Caregiver and Care-receiver – Talking About Core Values

Written by Nicole Scheidl

August 1, 2011

A new study from researchers at Pennsylvania State University and the Benjamin Rose Institute on Aging finds that caregivers and their relatives who suffer from dementia widely disagree on the amount and quality of care both given and received. The study identified five core values: autonomy, burden, control, family and safety as decisive in the caregiver relationship.

Caregiver’s Attitude

The study also identified the caregiver’s attitude as a key  determinant of the relationship between the caregiver and the care receiver.  Where the caregiver viewed dementia sufferers as unable to make decisions about daily life, widely divergent views on those core values emerged between caregiver and care receiver. Where the caregiver saw the individual as able to direct his or her daily life, a basis of respect and mutual understanding was established, and the relationship and quality of care was enhanced.

 

Family Events

A common and tragic example of conflicting perspectives cited in the study is the desire to be part of family events.  Individuals suffering from dementia often place a high priority and value on being part of family events. Frequently, though, caregivers conclude that participation in family events is no longer important –  that the individual will not remember anyway. Thus an opportunity to share in a meaningful moment is missed because of a lack of understanding and communication.

 

Step Back

It is a helpful exercise to step back and try to see life through the eyes of an individual suffering from dementia. Trying to understand the individual’s core values and allowing him or her to maintain as much autonomy as possible, within a structured environment, will reduce frustration for both parties. 

Reassurance about care and allowing him or her to make as many decisions as possible, is important to enhancing his or her well-being and quality of life. Maintaining that balance can be frustrating and time-consuming for the caregiver, who may be overwhelmed with a multitude of tasks and decisions, but taking the time to slow down and connect with the individual can smooth many of the rough moments.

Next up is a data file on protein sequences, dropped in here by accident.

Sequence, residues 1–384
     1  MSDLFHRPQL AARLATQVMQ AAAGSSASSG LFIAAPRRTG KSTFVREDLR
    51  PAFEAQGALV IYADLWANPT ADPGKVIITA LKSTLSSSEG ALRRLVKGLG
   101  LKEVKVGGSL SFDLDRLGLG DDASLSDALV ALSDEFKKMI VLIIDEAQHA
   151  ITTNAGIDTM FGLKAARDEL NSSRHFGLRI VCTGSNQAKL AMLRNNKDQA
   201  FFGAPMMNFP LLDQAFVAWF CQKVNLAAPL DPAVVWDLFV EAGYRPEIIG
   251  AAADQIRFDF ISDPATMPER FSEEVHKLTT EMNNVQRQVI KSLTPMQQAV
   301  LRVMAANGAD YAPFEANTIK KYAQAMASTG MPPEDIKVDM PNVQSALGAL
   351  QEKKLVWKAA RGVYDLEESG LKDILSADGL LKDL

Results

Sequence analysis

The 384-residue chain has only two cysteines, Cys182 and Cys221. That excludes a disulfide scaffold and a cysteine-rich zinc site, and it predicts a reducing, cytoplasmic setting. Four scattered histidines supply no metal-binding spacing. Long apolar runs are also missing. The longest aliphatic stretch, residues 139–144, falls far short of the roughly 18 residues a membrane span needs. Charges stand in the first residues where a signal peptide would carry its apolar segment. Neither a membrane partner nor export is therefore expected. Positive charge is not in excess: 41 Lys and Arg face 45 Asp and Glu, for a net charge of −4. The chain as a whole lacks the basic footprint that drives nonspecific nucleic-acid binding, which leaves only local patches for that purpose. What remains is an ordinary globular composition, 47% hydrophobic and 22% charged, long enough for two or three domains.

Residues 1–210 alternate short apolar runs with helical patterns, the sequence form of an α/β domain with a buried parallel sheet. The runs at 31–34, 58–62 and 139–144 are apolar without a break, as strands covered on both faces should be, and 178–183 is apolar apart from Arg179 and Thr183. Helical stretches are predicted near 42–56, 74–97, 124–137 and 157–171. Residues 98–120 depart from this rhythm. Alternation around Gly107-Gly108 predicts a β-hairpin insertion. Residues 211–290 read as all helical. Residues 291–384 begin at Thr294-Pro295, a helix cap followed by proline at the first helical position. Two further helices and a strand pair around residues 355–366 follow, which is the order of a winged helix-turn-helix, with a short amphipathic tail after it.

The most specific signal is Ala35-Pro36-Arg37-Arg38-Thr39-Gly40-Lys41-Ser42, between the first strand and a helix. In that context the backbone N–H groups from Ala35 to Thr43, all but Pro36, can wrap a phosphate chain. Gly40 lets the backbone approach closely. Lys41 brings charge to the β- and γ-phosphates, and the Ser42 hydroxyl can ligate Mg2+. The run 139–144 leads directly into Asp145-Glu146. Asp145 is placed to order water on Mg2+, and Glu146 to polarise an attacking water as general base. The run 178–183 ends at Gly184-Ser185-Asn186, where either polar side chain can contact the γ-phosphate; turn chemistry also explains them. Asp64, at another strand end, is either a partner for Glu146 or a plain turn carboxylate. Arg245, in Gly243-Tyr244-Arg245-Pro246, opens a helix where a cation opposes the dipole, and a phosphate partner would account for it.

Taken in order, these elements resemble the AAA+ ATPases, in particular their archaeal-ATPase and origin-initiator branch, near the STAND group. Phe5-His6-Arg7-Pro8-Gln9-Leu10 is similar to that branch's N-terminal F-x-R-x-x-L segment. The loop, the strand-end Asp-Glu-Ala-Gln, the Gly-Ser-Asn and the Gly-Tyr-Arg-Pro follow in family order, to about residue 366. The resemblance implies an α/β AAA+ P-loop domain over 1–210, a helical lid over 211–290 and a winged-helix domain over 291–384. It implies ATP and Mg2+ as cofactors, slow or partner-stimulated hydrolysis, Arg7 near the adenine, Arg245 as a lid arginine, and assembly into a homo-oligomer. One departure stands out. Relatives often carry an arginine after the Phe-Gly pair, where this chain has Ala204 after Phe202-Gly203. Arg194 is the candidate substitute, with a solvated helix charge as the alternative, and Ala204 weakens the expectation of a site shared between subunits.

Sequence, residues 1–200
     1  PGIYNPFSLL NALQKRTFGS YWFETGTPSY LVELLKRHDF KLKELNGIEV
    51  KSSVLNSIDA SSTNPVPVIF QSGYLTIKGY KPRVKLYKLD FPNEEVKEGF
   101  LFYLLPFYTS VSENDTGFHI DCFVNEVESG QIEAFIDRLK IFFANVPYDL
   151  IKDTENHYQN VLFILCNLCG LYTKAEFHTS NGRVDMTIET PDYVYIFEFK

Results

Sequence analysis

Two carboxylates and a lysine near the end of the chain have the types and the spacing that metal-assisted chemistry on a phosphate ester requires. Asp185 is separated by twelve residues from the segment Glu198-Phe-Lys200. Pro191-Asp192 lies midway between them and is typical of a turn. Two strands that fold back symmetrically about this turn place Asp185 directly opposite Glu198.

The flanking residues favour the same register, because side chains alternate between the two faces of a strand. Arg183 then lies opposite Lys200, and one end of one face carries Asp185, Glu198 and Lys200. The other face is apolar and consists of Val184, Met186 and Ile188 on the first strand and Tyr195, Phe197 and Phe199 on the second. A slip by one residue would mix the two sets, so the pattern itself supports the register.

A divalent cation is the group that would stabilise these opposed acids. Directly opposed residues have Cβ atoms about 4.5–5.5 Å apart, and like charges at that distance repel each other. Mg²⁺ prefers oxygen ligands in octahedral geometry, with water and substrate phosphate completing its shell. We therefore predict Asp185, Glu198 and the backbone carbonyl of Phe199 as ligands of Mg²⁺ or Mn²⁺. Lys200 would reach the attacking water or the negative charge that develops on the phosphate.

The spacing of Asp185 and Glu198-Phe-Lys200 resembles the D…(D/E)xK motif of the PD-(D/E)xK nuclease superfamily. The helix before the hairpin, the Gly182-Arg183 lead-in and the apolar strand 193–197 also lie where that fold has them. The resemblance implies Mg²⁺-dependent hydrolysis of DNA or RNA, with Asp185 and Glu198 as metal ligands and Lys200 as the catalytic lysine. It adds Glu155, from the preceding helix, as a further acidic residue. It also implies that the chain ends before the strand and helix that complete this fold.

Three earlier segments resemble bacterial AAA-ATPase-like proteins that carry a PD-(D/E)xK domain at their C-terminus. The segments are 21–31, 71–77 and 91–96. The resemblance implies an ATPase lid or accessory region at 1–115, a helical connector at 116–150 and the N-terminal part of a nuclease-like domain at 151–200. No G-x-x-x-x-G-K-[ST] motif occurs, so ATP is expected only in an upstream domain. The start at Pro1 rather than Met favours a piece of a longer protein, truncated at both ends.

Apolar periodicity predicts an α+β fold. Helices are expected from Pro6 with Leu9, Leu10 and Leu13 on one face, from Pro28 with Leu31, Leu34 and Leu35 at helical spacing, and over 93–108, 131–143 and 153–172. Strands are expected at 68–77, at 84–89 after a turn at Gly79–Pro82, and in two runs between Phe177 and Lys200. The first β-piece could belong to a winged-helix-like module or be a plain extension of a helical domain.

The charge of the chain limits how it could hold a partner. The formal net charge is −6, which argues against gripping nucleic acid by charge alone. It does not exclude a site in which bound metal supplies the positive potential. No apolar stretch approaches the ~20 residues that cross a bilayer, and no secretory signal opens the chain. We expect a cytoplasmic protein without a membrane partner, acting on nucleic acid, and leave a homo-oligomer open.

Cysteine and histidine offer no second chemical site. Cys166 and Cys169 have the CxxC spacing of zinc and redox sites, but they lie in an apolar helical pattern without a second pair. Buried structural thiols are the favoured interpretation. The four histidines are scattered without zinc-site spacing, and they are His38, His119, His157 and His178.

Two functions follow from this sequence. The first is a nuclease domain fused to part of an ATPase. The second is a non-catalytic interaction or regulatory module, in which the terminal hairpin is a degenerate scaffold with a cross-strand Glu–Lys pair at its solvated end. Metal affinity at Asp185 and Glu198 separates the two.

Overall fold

Make Moments Meaningful

Connecting is important in the relationship between caregiver and care-receiver – it is a ‘meaningful’ moment in life. One of the most effective ways of staying connected is to directly discuss those core values along the way, ensuring that decisions about care are easier and made with more confidence that they reflect the care-receiver’s wishes.

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2 Comments

  1. Rudmila

    One thing is for sure Mike, although I’m not an expert, I sincerely value the opportunity to contribute some sort of wisdom to our aging population which is everyone who’s still drawing a breath! I hope other people will submit comments/suggestions to benefit the rest of us. We’re all taking it one day at a time, aren’t we? And we’re more or less creating the play book that will get us through the challenges.

    Reply
  2. Helios Cheng

    Hi I am interested in the research you mentioned. Appreciate if you may share with me a bit more details so I can search for that research. Thanks!

    Reply

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